CASE OF PETRÍKOVÁ v. SLOVAKIA – The application concerns the alleged lack of impartiality of a judge of the Constitutional Court, who was a long-standing friend of the applicant’s opponent in a dispute before the general courts

(Application no. 42149/17)
25 November 2021

This judgment is final but it may be subject to editorial revision.

In the case of Petríková v. Slovakia,

The European Court of Human Rights (First Section), sitting as a Committee composed of:

Krzysztof Wojtyczek, President,
Erik Wennerström,
Lorraine Schembri Orland, judges,
and Attila Teplán, Acting Deputy Section Registrar,

Having regard to:

the application (no. 42149/17) against the Slovak Republic lodged with the Court under Article 34 of the Convention for the Protection of Human Rights and Fundamental Freedoms (“the Convention”) by a Slovak national, Ms Viera Petríková (“the applicant”), on 6 June 2017;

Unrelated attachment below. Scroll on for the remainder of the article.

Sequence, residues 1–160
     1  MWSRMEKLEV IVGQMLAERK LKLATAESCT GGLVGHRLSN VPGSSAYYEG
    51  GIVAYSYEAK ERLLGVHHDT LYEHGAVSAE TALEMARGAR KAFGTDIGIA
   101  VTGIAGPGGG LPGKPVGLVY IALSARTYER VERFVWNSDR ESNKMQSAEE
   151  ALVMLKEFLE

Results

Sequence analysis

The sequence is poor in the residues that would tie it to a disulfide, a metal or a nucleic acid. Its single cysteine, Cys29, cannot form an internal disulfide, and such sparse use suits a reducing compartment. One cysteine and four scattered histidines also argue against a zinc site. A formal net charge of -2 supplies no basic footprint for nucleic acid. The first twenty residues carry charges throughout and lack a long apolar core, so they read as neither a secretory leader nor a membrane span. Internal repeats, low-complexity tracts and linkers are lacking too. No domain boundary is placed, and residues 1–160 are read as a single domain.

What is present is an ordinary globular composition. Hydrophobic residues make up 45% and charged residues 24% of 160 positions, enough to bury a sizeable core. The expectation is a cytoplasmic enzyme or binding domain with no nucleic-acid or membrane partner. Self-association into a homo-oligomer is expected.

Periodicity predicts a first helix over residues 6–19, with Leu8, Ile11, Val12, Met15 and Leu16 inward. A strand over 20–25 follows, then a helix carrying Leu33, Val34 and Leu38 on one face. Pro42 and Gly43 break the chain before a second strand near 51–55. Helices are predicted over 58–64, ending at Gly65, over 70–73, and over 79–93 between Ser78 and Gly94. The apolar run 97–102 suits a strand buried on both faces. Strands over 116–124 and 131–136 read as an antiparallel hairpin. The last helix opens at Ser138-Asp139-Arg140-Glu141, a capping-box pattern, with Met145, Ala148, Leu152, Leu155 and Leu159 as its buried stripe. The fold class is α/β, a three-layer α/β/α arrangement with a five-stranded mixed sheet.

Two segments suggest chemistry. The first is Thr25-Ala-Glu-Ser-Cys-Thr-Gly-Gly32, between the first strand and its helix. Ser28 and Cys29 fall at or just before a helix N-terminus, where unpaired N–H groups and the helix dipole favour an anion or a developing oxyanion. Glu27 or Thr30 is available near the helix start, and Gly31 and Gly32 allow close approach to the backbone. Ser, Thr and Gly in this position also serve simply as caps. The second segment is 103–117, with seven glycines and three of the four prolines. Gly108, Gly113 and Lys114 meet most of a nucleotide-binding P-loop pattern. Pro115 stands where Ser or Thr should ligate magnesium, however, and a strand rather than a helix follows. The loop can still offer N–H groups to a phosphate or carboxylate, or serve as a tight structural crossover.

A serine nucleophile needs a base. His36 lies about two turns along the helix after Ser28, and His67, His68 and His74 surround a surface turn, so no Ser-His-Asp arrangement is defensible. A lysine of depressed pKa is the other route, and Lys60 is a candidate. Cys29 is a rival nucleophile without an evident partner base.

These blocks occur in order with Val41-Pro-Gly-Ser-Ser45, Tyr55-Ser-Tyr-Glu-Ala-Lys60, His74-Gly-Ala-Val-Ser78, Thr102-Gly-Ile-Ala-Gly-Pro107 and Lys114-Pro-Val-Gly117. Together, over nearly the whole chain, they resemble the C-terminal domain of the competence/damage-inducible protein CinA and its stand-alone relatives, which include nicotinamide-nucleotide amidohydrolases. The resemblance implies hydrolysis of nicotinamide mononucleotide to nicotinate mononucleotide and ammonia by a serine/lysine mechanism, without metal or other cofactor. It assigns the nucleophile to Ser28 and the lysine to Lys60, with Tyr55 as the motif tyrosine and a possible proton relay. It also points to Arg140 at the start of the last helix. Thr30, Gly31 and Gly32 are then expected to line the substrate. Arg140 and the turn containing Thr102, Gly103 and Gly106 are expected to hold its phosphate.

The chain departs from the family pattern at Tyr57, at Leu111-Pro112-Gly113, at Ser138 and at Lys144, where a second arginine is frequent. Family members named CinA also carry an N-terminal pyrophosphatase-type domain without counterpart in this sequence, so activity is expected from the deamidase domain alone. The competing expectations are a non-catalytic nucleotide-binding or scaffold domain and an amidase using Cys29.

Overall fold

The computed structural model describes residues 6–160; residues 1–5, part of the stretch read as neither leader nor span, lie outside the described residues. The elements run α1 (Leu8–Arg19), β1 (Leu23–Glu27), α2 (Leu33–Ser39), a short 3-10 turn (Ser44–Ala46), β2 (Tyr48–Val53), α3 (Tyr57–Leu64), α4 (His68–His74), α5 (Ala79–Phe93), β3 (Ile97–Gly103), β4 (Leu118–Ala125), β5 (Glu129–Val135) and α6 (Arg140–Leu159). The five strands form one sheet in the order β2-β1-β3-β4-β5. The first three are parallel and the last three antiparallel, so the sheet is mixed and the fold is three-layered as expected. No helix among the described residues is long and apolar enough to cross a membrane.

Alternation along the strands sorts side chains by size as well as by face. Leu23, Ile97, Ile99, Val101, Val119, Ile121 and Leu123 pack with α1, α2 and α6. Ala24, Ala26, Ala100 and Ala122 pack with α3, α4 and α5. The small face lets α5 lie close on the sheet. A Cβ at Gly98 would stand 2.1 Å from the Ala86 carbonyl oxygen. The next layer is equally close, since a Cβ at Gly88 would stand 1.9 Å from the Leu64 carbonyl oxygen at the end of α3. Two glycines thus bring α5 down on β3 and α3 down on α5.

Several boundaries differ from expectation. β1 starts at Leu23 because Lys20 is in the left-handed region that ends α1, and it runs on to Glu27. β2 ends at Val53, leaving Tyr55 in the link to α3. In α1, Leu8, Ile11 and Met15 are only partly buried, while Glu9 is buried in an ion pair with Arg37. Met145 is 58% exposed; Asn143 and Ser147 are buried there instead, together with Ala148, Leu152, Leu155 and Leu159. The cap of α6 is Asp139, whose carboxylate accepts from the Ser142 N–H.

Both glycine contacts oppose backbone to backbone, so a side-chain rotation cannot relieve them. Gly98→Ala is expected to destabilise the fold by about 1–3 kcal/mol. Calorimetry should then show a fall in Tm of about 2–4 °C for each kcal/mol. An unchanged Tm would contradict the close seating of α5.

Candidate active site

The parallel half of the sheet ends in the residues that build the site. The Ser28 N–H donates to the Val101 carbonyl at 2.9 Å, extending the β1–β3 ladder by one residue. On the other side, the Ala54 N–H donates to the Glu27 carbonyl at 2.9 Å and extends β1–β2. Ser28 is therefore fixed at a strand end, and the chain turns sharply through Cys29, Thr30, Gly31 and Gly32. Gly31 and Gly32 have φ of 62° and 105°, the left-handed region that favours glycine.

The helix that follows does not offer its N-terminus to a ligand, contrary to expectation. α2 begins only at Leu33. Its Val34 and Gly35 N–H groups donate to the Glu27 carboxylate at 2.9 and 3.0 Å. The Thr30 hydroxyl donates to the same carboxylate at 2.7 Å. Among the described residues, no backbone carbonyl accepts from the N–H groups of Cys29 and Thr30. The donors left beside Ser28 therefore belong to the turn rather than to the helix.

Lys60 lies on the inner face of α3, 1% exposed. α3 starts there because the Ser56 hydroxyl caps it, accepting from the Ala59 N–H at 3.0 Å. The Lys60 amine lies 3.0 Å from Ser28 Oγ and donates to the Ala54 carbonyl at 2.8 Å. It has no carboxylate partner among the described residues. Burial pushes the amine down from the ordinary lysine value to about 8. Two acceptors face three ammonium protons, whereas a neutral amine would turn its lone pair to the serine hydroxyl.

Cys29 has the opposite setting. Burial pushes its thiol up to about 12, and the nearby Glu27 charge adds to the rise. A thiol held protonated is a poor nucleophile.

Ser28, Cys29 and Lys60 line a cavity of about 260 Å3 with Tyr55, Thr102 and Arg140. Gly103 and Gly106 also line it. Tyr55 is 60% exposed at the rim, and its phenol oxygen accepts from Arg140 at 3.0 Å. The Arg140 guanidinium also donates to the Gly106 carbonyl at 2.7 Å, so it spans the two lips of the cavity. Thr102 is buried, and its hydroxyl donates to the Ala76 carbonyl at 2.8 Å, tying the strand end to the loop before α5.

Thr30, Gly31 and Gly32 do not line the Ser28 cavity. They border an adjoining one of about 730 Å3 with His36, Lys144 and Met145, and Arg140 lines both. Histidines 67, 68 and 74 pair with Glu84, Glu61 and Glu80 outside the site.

the decision to give notice to the Slovak Government (“the Government”) of the application;

the parties’ observations;

Having deliberated in private on 2 November 2021,

Delivers the following judgment, which was adopted on that date:


1. The application concerns the alleged lack of impartiality of a judge of the Constitutional Court, who was a long-standing friend of the applicant’s opponent in a dispute before the general courts.


2. The applicant was born in 1957 and lives in Vranov nad Topľou. She was represented by Mr M. Mandzák, a lawyer practising in Bratislava.

3. The Government were represented by their Co-Agent, Ms M. Bálintová, of the Ministry of Justice.

4. The facts of the case, as submitted by the parties, may be summarised as follows.

5. The applicant, a former Minister of Justice and currently a judge of the Supreme Court, was sued by another judge, Mr X, for the protection of the latter’s personal integrity. After losing before the courts at two levels of jurisdiction, she turned to the Supreme Court. On 26 February 2015 the Supreme Court quashed the impugned decisions and ordered the first‑instance court to review the issue of bias on the part of the first‑instance judge who had ruled on the case. On 7 July 2015 the second‑instance court decided not to exclude the judge from the case, taking the view that she had been unbiased.